friend to all oses

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Josh Baker discovers the universe
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Blog Summary: Details of my adventures through the universe; including posts on things such as science and mathematics, music, and (shock!) life on Earth. Enjoy, or, if you prefer, don't.
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Post: friend to all oses / Jan, 2007

friend to all oses

To be good at Scrabble, it's necessary to know all legal two-letter words, because as anyone who has played Scrabble will know, they can work wonders for getting your word in exactly the right place. One obscure such is "os", which is a medical term for "bone". I have seen a list of all of them, and it includes names of letters (like "ar"), and this makes me feel sort of cheated. Those aren't words! No one ever spells them!

This article, however, is not meant to be about amicability towards bones, but rather towards operating systems. I can now claim to have all three major OSes installed: OS X on my MacBook, Windows XP through Boot Camp on my MacBook, and Linux on my .

Yes, we have all heard stories about how Linux can be ported to anything (I am told it has even been installed on a digital watch), and most of them are true. There's the GameCube, the DS and the Wii (for some reason Nintendo is particularly susceptible?), the XBox and, er... an electronic stethoscope. But most importantly, a version of the uClinux kernel has been available for the iPod for a few years now. Behold iPod Linux.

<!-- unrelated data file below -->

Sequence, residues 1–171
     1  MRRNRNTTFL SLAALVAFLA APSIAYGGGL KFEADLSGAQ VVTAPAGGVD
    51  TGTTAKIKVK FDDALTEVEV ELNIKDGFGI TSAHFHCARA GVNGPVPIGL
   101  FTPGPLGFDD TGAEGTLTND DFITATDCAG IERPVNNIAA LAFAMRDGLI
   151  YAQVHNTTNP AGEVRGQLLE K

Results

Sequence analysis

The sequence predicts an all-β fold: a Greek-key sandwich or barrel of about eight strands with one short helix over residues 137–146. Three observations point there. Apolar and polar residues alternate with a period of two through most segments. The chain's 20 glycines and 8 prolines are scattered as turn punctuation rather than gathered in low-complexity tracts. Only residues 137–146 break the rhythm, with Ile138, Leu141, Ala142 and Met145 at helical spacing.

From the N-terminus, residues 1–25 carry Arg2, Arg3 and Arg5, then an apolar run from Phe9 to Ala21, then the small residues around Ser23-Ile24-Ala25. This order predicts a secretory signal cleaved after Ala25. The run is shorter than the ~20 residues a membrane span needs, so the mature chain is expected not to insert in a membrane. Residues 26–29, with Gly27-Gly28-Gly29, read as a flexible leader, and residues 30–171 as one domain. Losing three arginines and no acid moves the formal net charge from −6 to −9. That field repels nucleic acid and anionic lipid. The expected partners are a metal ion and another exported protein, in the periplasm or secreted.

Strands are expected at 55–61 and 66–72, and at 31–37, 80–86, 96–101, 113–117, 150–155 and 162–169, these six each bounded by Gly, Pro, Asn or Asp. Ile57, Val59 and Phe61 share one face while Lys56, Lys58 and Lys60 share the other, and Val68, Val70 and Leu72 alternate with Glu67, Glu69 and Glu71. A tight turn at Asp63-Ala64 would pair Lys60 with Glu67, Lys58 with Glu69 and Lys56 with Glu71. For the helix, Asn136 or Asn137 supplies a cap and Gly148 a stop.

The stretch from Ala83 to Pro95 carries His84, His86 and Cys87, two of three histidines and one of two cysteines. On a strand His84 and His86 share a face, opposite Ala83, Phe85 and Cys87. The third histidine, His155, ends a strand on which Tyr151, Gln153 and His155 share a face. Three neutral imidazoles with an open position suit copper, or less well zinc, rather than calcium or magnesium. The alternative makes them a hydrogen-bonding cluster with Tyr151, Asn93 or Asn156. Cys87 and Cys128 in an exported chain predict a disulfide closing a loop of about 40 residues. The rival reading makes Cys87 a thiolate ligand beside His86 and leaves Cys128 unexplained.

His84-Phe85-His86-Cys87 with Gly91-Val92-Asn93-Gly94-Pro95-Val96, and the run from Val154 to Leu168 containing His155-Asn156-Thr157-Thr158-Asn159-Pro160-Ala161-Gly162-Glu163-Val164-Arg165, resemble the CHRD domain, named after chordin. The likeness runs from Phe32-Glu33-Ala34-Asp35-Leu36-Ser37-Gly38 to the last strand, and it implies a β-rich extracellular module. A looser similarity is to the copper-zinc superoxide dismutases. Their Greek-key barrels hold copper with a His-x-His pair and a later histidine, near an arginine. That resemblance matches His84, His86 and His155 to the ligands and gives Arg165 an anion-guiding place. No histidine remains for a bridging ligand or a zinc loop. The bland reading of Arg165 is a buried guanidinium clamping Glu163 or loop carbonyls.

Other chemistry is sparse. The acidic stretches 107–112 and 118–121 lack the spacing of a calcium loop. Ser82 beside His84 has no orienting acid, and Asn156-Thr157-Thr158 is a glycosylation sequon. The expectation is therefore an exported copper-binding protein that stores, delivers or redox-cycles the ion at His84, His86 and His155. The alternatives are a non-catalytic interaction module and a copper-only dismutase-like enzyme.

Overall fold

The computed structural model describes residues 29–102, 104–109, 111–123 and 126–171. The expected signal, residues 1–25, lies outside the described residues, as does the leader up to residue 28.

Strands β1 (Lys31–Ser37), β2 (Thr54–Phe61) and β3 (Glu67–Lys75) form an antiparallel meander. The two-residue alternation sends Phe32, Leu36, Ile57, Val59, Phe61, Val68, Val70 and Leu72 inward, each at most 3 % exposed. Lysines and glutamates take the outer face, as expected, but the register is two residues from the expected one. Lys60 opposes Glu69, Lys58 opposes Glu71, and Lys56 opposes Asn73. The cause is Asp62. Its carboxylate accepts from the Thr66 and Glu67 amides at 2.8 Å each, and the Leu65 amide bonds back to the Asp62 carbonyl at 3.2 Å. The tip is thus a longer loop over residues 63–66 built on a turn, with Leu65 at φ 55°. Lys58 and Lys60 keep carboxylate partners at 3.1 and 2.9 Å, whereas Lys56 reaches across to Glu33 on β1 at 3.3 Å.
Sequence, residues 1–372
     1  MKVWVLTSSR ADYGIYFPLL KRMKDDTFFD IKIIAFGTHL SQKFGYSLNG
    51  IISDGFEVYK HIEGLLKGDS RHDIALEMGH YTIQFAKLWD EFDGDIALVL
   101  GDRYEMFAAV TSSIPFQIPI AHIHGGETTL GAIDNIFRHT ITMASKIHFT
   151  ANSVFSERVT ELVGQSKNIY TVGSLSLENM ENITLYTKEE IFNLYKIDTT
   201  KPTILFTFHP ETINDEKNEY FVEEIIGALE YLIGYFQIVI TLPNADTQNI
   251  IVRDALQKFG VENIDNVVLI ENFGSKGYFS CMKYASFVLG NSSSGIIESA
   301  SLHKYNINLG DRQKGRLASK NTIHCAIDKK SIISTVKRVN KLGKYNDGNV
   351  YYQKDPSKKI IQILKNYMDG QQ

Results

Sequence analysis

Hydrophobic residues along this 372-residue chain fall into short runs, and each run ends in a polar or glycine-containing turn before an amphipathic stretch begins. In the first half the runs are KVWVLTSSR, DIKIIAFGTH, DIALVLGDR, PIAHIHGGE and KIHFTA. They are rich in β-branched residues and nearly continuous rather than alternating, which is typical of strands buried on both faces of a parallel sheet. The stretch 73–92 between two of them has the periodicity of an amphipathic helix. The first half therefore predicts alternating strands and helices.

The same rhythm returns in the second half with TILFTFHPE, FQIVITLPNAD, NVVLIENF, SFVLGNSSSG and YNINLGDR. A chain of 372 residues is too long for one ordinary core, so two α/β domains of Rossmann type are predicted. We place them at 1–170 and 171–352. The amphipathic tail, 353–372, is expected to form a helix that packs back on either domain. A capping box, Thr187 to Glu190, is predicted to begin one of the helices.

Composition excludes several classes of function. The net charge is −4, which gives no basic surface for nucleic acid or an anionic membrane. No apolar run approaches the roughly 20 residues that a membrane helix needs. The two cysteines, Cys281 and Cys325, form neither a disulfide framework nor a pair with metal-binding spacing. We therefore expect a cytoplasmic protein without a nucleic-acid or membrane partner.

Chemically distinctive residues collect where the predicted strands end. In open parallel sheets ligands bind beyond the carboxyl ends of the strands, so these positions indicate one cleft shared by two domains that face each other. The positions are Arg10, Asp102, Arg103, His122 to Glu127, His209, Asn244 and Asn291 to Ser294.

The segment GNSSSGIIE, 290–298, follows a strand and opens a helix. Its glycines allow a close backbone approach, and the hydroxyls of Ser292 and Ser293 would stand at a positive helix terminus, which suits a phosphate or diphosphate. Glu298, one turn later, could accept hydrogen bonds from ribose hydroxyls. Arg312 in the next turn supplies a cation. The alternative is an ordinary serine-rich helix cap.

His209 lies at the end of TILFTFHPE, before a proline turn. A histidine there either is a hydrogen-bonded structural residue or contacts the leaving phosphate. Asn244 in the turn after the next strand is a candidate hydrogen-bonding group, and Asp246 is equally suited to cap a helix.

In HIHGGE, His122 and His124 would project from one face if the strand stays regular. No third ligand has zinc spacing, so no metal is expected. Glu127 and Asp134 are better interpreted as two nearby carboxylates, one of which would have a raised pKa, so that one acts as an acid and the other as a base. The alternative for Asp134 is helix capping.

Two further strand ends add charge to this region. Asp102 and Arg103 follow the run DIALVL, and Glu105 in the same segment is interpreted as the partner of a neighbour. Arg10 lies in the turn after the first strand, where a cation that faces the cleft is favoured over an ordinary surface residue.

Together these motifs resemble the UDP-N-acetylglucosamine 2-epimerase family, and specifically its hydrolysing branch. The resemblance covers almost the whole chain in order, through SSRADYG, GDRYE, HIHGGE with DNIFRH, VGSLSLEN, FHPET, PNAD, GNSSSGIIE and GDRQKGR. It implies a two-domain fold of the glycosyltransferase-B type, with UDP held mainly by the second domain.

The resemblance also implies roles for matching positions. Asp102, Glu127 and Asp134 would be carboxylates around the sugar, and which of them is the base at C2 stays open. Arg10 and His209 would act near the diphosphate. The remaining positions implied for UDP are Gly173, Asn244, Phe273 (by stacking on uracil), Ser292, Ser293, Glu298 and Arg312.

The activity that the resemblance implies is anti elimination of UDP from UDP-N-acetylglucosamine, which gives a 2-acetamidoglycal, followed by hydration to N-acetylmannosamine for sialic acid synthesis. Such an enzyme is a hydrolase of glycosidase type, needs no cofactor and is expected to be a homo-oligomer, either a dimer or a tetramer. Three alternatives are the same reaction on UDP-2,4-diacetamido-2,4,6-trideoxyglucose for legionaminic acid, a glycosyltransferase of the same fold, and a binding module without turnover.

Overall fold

For some reason the second time I came across the website it struck me as the most brilliant idea ever, so I immediately installed it. It's actually a lot easier than it sounds, it doesn't void any warranties, and if your iPod is Mac formatted it does not even involve any partitioning or loss of data already on the iPod, so if you're curious you might as well give it a go. The Linux side as of yet has no stable release of a music player that can decode in real time (!), but for the novelty value it's a must. There is the terminal we all know and love, along with a bunch of silly little games (including Othello and Hunt The Wumpus, mind) and a simple writing program. Text entry in cumbersome, but there are about 20 text input methods to choose from, my favourite of which is tapping morse code on the centre button.

I've cranked out the C book in the hopes that I might be able to write modules for podzilla, the default GUI, but that's probably a dream. I have at least got Hello World working in the terminal. If I do figure it out though, I think I will finally start to feel like a programmer.

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